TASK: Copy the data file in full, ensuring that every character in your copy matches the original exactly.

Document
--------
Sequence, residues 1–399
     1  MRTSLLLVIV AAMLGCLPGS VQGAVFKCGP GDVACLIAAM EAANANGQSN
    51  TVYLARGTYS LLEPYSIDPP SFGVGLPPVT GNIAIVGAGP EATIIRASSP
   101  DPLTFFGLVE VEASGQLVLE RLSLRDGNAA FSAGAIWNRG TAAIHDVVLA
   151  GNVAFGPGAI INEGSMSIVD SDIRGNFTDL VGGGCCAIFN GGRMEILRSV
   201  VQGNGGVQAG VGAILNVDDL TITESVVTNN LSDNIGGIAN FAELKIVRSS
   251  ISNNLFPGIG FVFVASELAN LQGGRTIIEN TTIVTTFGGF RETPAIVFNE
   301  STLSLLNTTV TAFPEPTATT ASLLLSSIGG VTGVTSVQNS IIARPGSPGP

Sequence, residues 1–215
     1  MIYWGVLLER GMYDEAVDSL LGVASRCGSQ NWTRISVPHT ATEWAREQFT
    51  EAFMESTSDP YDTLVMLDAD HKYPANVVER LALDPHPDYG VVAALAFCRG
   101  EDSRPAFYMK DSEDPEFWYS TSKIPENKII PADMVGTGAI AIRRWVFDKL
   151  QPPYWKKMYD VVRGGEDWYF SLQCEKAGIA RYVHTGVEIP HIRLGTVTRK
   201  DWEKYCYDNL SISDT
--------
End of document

Sequence, residues 1–399
     1  MRTSLLLVIV AAMLGCLPGS VQGAVFKCGP GDVACLIAAM EAANANGQSN
    51  TVYLARGTYS LLEPYSIDPP SFGVGLPPVT GNIAIVGAGP EATIIRASSP
   101  DPLTFFGLVE VEASGQLVLE RLSLRDGNAA FSAGAIWNRG TAAIHDVVLA
   151  GNVAFGPGAI INEGSMSIVD SDIRGNFTDL VGGGCCAIFN GGRMEILRSV
   201  VQGNGGVQAG VGAILNVDDL TITESVVTNN LSDNIGGIAN FAELKIVRSS
   251  ISNNLFPGIG FVFVASELAN LQGGRTIIEN TTIVTTFGGF RETPAIVFNE
   301  STLSLLNTTV TAFPEPTATT ASLLLSSIGG VTGVTSVQNS IIARPGSPGP

Sequence, residues 1–215
     1  MIYWGVLLER GMYDEAVDSL LGVASRCGSQ NWTRISVPHT ATEWAREQFT
    51  EAFMESTSDP YDTLVMLDAD HKYPANVVER LALDPHPDYG VVAALAFCRG
   101  EDSRPAFYMK DSEDPEFWYS TSKIPENKII PADMVGTGAI AIRRWVFDKL
   151  QPPYWKKMYD VVRGGEDWYF SLQCEKAGIA RYVHTGVEIP HIRLGTVTRK
   201  DWEKYCYDNL SISDT